Jordan's King Abdullah Open to Constitutional Monarchy
WASHINGTON, March 15, 2005 — -- President Bush hosted Jordan's King Abdullah II in an Oval Office meeting today. The two men are publicly enthusiastic about some of the recent changes in the Middle East -- among them, the elections in Iraq, a sliver of democracy emerging in Egypt and Saudi Arabia, and massive protests in Lebanon calling for the Syrian military to withdraw. After the White House meeting, King Abdullah spoke with ABC News' Peter Jennings.
The following is the full transcript of the interview, a portion of which aired on "World News Tonight with Peter Jennings:"
PETER JENNINGS:Let me ask you first, sir, what is happening in the region?
KING ABDULLAH:Oh, there's so many things happening in the region. We have obviously the issue of reform in Egypt, we have elections coming up in Lebanon. Iraq, last month had very successful elections, and we're looking for help, a momentum that moves toward new elections at the end of the year, which will be I think the new face of Iraq. Obviously we have the problems in Lebanon and Syria. It's going to be a very busy year for all of us.
JENNINGS:What do you think it all means? Taking just what most Americans regard as the positive note, elections in Palestine, elections in Iraq, the slight elections in Saudi Arabia and the slight changes in Egypt?
ABDULLAH:Well, I think that there's a positive trend that reflects the desire of the people. I think that, you know, President Bush called for Middle East reform last year, it had initially been taken in the wrong context by Arab countries as something being forced upon them, but it created debate inside of Arab society and I think we're seeing the fruits of that. I think people are expecting leaders to reform, and are demanding from their governments to move forward.
JENNINGS:Do you believe that President Bush gets a lot of personal credit for what is happening there at the moment?
ABDULLAH: Well, I think if the president had not started the process of getting reform in people's minds, we would have been much more complacent. But because there was outside pressure, people had to look in the mirror and think of how to move forward.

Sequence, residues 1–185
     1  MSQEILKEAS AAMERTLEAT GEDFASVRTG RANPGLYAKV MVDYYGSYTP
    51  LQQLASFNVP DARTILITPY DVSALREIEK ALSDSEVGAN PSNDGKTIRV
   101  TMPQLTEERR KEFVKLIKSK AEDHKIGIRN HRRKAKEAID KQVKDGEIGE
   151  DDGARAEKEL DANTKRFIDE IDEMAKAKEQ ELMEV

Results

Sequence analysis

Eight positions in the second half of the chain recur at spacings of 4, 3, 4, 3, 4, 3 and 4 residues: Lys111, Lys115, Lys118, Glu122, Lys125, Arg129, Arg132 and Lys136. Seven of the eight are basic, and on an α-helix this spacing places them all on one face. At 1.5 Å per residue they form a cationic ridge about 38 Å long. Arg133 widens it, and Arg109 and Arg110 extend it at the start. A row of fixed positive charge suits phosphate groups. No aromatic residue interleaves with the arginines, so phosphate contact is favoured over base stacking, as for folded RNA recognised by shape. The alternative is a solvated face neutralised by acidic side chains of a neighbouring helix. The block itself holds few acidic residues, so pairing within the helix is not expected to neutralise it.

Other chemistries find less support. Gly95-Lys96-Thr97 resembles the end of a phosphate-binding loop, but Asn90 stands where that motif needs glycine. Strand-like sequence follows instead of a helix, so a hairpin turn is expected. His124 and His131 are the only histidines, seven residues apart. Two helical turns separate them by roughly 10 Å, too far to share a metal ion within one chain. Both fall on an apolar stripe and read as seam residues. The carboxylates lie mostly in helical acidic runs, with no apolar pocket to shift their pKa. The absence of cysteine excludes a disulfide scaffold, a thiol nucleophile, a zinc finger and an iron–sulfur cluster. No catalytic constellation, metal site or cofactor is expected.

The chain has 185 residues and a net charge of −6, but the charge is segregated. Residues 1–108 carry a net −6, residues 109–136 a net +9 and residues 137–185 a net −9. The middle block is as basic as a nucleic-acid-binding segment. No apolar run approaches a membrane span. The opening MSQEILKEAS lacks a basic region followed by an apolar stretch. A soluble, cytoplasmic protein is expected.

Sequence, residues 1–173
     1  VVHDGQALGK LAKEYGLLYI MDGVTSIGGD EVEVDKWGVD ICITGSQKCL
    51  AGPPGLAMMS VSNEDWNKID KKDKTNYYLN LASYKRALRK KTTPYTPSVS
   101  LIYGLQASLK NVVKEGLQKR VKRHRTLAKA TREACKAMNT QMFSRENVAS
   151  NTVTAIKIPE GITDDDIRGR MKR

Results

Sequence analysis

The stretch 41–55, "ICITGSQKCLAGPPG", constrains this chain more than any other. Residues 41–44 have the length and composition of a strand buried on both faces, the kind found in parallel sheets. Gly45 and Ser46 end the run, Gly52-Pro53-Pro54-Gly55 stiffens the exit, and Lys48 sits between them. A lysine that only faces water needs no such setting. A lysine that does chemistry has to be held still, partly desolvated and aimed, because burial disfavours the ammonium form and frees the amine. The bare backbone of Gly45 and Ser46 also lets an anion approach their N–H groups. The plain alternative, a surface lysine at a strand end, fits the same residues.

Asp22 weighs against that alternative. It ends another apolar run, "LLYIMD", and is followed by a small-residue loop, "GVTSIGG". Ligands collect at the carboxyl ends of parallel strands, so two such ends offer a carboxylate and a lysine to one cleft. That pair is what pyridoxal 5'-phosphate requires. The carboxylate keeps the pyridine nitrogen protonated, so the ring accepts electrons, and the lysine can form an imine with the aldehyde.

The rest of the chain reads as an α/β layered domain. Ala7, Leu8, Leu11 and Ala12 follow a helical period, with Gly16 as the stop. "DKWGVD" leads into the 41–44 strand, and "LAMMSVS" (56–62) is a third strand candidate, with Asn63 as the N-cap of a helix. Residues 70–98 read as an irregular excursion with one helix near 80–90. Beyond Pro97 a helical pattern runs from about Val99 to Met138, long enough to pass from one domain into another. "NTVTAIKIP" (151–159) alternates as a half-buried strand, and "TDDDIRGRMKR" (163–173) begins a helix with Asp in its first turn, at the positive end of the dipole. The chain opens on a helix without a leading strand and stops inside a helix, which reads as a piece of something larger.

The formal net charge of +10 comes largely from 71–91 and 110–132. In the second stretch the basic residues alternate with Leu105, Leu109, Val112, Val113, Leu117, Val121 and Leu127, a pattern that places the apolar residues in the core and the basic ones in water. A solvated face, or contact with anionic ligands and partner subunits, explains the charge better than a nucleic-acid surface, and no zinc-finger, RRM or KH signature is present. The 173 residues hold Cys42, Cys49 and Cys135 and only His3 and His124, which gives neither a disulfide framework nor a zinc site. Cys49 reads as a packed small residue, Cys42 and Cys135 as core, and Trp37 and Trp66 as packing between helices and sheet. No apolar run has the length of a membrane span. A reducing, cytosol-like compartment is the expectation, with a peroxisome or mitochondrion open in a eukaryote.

JENNINGS:And what do you think is the outside pressure? Because I think Egyptians and Palestinians and Lebanese would tell you they've been arguing for reform for years.
ABDULLAH: Well, I think that many societies throughout the Middle East have been talking about reform, but obviously there seems to, and may be a strong American position for the Middle East to move toward reform. I believe that European countries are also endorsing that. So, for example, in Jordan it has allowed us to actually push the envelope even more. And if there hadn't been that call, then I think that we'd have been much more complacent about it.
JENNINGS:What do you think is happening inside Syria?
ABDULLAH:I think they're probably asking themselves the same question. They obviously have a problem with the international community, there is, you know, [U.N. Security Council] Resolution 1559 that calls for a Syrian pull out of Lebanon. And I hope that they will deal with the pressure from the international community and move in the right direction.
JENNINGS:Do you think Syria's a dangerous place at the moment?
ABDULLAH:No, I don't think Syria's a dangerous place. I have good relationships with the president and from my dealings with him, he understands that there needs to be some resolvement of these issues from the Syrian government, and we're hoping that it will be done peacefully and as smoothly as possible. (Overlap)
JENNINGS:This is pretty unusual for a Syrian president to willingly withdraw from Lebanon?
ABDULLAH:Obviously, there's a lot of history between Lebanon and Syria, and it's very different for the Syrians to pull out, but I think there is a commitment by the international community, and I think the Syrians realize that.
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